4. Mike Cottmeyer

    Okay… so I totally agree… but the continued pissing contests over Lean, Agile, Scrum, XP, RUP, DSDM, PMI etc… don't really change anything.

    If there is an entrenched incumbent… with powerful allies… then I just have to decide if that is a place I want to work.

    To be honest… my last employer was just that… we had a great agile thing going for a while… then the forces of darkness came along and messed things up. I ended up leaving.

    The fact still remains that Scrum thinking, Lean thinking, Traditional thinking… all have a place where they conceptually work. They have a context. Talking about which methodology is better without establishing context is meaningless.

    My point is really… that when I hit the ground with a client… once I learn the context… I don't want to be a one trick pony… I don't want to be the guy with a hammer that thinks everything is a nail. I want to be able to assess the situation… have a big, full bag of tricks… and choose the right tool for the job.

    Sorry for all the mixing metaphors ;-)

  5. Guilherme Fernandes

    Awesome post and comments!

    I agree that is not easy to get things done the way we want working with bureaucratic people, but also in this case, the project managers have to act fast and give a clear direction: the delivery.

  6. Scott Bellware

    I'm with you on the one-trick pony thing. Nonetheless, there's no shortage of one-trick pony herds who've got no qualms tripping you up. It's not enough to just make yourself the best one of you that can be. There's an equal imperative to see to the defense of your gifts from entitlement committees.

  7. Kevin E. Schlabach

    I'm also with you Mike! "So Say We All!"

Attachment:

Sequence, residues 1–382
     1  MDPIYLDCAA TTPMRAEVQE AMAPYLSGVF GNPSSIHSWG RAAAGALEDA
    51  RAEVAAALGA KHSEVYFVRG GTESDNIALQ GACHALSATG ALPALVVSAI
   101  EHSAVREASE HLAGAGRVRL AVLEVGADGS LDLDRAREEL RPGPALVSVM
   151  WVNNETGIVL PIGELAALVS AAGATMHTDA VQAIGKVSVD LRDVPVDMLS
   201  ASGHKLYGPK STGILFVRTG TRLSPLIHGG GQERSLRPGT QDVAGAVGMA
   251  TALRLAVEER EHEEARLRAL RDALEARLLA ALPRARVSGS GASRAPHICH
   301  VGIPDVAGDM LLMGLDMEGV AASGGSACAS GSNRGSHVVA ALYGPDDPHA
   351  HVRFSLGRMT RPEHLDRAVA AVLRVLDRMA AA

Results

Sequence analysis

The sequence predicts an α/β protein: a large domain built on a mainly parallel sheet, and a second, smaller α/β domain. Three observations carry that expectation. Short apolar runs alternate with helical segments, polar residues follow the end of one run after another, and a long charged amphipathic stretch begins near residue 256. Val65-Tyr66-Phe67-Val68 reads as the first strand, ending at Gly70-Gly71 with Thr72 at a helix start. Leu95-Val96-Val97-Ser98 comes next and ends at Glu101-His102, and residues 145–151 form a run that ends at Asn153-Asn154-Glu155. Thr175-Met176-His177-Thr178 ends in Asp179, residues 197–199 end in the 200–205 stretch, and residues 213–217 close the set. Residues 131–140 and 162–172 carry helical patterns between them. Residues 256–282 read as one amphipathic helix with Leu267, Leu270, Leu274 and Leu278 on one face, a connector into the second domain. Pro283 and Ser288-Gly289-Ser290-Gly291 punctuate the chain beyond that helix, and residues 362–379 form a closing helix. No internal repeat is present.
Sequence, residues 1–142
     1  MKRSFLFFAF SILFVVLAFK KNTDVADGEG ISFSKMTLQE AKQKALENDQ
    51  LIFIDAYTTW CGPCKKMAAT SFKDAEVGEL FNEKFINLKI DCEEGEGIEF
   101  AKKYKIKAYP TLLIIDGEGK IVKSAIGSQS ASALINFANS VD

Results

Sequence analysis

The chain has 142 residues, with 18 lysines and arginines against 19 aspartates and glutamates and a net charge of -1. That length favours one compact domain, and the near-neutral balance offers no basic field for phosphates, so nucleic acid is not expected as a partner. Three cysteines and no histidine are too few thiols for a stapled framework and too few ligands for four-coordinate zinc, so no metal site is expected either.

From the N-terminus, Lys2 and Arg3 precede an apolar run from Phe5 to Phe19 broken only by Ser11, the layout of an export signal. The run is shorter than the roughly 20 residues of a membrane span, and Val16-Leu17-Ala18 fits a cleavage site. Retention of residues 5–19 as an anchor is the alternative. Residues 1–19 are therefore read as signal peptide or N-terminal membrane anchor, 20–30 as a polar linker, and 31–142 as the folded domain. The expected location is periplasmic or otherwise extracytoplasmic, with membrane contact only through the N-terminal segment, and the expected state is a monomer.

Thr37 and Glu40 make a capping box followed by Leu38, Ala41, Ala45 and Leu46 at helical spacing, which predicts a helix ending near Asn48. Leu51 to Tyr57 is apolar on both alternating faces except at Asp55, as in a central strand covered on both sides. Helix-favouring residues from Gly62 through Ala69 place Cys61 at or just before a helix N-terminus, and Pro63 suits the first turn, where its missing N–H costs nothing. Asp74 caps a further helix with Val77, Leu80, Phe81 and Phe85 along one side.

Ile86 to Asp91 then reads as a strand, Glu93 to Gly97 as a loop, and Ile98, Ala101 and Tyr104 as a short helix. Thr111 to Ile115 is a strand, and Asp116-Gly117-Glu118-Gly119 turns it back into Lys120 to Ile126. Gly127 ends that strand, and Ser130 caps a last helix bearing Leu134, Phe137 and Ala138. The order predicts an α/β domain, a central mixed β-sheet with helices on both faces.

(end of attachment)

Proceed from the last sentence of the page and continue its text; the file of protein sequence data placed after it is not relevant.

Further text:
At first I was annoyed that I couldn't get my company to be a formal Agile shop… but I've come to learn that it's really about being successful. This means it is okay mixing and matching stuff to make it happen, even if the purists don't like it.

  8. Denis

    Interesting post, and I completely agree. The goal is for the organization to be successful. Full stop. How we achieve that (Agile etc) is simply a means to an end.

    I like you have seen multiple projects delivered on time using multiple methodologies. In my view, at least as important as the methodology is the team using it. Without a good team you have little chance of succeeding.


  9. Tiago Fernandez

    I totally agree. Altough one methodology might be most suited over another in a certain environment, we should primarily focus on getting things done.

  10. Scott Gilbert

    A good read to provide the inspiration for becoming the get it done guy is "Execution: The Discipline of Getting Things Done" by Larry Bossidy and Ram Charan. Like the Jim Collins books it refers to big, old, profitable companies who flat out perform. You'll find phrases and passages that sound very familiar to us in the Big Tent, United Nations version of the Agile community. Enjoy.